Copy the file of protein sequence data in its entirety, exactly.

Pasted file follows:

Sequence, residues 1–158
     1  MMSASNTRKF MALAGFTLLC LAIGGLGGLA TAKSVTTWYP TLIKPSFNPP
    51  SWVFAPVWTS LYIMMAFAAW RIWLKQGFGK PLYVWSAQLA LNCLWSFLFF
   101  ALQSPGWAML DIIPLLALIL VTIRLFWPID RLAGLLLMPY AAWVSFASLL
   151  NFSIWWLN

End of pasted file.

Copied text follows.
Sequence, residues 1–158
     1  MMSASNTRKF MALAGFTLLC LAIGGLGGLA TAKSVTTWYP TLIKPSFNPP
    51  SWVFAPVWTS LYIMMAFAAW RIWLKQGFGK PLYVWSAQLA LNCLWSFLFF
   101  ALQSPGWAML DIIPLLALIL VTIRLFWPID RLAGLLLMPY AAWVSFASLL
   151  NFSIWWLN